11. The imaging device according to claim 10,

wherein the plurality of pixels includes at least a first pixel and a second pixel adjacent to the first pixel,
wherein the first substrate includes a first isolation portion, and
wherein the photoelectric conversion unit and the floating diffusion region of the first pixel are isolated from the photoelectric conversion unit and the floating diffusion region of the second pixel by the first isolation portion.

12. The imaging device according to claim 11, wherein each of the plurality of pixels includes a transistor disposed in the second substrate.

13. The imaging device according to claim 12, wherein the second substrate includes a second isolation portion, and wherein the transistor of the first pixel are isolated from the transistor of the second pixel by the second isolation portion.

14. The imaging device according to claim 13, wherein the analog-to-digital converter of the first pixel are isolated from the analog-to-digital converter of the second pixel by the second isolation portion.

15. The imaging device according to claim 14, wherein the transfer unit includes a transfer gate electrode disposed between the first substrate and the wiring.

16. The imaging device according to claim 15, wherein the transistor includes a gate electrode disposed between the second substrate and the wiring.

17. The imaging device according to claim 16, wherein the wiring is formed of a metal.

18. The imaging device according to claim 17, wherein the wiring is connected to at least one selected from a group that consists of the floating diffusion region, the transfer gate electrode, the transistor and the analog-to-digital converter.

19. The imaging device according to claim 18, wherein the transistor is configured to reset a voltage of the floating diffusion region.

20. The imaging device according to claim 18, wherein the transistor forms the analog-to-digital converter.

21. The imaging device according to claim 20, wherein the analog-to-digital converter includes a differential amplification circuit.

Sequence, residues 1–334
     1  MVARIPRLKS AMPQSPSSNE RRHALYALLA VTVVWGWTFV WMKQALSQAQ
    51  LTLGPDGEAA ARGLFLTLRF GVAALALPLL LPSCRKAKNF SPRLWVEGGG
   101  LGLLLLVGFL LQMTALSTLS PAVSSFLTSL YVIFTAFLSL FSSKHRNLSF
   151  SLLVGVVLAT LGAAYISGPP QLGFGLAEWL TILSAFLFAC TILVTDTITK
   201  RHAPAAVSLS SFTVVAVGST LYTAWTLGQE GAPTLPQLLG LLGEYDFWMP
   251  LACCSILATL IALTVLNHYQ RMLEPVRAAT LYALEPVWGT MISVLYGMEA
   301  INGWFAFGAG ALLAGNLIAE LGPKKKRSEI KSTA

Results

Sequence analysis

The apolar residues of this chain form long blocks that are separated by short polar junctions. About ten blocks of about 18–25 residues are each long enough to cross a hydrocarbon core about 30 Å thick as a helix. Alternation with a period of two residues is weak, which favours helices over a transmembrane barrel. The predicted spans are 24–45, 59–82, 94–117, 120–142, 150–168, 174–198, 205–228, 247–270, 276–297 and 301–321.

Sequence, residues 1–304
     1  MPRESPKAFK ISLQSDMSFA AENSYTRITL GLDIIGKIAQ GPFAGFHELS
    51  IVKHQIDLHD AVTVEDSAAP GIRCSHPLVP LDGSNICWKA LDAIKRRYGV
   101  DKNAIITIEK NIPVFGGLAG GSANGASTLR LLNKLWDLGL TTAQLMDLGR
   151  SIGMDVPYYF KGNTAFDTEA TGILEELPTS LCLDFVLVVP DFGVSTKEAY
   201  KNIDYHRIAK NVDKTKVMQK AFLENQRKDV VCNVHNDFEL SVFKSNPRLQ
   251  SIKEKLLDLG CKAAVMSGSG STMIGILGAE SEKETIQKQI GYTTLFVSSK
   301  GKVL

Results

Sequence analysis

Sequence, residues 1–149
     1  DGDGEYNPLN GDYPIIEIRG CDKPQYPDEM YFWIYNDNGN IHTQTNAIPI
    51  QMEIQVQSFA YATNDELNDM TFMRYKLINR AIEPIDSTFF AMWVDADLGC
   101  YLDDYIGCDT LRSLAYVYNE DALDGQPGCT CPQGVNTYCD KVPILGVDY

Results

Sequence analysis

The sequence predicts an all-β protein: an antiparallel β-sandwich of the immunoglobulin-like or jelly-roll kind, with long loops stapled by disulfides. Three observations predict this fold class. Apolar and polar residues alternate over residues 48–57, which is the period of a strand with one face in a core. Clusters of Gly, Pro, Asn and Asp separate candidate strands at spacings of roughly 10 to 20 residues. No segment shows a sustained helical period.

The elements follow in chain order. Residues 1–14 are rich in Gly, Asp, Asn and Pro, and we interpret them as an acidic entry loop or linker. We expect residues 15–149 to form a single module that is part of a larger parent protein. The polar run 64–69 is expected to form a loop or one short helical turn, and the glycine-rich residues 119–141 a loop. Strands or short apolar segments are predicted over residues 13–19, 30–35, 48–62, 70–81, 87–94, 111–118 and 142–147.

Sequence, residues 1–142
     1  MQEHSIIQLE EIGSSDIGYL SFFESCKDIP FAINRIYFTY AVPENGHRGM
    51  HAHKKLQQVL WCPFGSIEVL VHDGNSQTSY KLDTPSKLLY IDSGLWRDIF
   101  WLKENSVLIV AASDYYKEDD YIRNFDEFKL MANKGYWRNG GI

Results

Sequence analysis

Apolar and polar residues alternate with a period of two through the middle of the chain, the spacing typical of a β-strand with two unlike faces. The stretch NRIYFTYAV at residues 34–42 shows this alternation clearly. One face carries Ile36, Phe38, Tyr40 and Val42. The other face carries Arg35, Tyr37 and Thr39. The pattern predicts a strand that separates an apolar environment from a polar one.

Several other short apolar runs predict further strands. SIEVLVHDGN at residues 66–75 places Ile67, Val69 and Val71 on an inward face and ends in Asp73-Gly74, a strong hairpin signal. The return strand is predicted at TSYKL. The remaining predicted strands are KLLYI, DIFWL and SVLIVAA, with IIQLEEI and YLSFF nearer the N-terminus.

22. The imaging device according to claim 17, wherein the wiring is configured to provide a reference voltage for the plurality of pixels.

23. The imaging device according to claim 22, wherein the analog-to-digital converter includes a differential amplification circuit.

24. The imaging device according to claim 17, wherein each of the plurality of pixels includes a switch configured to switch a capacitance of the floating diffusion region.

25. The imaging device according to claim 24, wherein the wiring is connected to the switch.

Referenced Cited

U.S. Patent Documents

7714904 May 11, 2010 Kudoh
8963271 February 24, 2015 Yamazaki
20070069258 March 29, 2007 Ahn

Foreign Patent Documents

2230690 September 2010 EP
2230691 September 2010 EP
2003-168794 June 2003 JP
2005-328493 November 2005 JP
2006-041866 February 2006 JP
2006-120921 May 2006 JP
2008-235478 October 2008 JP
2009-047658 March 2009 JP
2009-170448 July 2009 JP
2010-530633 September 2010 JP
2009/123693 October 2009 WO

Patent History

Patent number: 9666621
Type: Grant
Filed: Jan 8, 2015
Date of Patent: May 30, 2017
Patent Publication Number: 20150115136
Assignee: CANON KABUSHIKI KAISHA (Tokyo)
Inventors: Kazuo Yamazaki (Yokohama), Tetsuya Itano (Sagamihara), Nobuyuki Endo (Fujisawa), Kyouhei Watanabe (Yokohama)
Primary Examiner: Marcos D Pizarro Crespo
Assistant Examiner: Nelson Garces
Application Number: 14/592,783

Classifications

Current U.S. Class: Light Responsive Or Combined With Light Responsive Device (257/290)
International Classification: H01L 27/146 (20060101); H04N 5/235 (20060101); H04N 5/355 (20110101); H04N 5/3745 (20110101); H04N 5/378 (20110101);